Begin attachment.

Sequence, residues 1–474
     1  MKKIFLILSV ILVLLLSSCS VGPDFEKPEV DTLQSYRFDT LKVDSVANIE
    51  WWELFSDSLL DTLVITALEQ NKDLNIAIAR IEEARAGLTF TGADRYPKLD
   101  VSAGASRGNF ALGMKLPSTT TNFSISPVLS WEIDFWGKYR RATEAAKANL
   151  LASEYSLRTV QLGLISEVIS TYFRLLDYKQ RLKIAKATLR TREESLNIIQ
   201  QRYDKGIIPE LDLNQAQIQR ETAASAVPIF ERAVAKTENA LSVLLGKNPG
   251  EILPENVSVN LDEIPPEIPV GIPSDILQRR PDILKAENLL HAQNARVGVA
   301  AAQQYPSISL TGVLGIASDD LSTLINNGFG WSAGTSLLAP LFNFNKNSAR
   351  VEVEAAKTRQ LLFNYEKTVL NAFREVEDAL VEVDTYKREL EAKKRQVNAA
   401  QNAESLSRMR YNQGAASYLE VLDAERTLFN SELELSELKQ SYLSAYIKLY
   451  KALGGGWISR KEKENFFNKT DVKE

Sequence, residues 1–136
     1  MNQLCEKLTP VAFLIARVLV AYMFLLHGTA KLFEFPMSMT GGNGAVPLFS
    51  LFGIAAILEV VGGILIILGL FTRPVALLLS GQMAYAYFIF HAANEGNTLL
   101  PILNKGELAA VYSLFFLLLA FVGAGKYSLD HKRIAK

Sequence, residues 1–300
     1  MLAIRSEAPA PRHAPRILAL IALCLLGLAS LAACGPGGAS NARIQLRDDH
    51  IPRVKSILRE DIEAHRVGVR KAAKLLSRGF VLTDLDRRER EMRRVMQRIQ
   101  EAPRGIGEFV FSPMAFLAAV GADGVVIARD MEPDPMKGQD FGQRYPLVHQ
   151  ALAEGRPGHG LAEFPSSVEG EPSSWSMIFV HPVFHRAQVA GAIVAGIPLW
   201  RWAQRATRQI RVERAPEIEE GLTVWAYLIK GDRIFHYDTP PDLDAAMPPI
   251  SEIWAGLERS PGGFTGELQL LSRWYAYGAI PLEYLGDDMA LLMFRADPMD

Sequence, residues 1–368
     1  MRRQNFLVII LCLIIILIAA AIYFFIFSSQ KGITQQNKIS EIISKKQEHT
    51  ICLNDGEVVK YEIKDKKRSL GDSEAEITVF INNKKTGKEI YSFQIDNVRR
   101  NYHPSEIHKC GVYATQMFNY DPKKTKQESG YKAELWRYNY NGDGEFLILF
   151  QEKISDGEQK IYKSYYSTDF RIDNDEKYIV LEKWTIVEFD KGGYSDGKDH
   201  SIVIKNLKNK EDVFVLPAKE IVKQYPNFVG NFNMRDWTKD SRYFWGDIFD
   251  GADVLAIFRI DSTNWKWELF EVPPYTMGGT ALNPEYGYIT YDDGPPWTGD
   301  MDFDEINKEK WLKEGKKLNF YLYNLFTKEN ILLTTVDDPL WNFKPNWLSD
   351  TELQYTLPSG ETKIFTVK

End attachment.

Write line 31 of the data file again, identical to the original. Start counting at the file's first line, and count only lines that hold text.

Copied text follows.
   351  TELQYTLPSG ETKIFTVK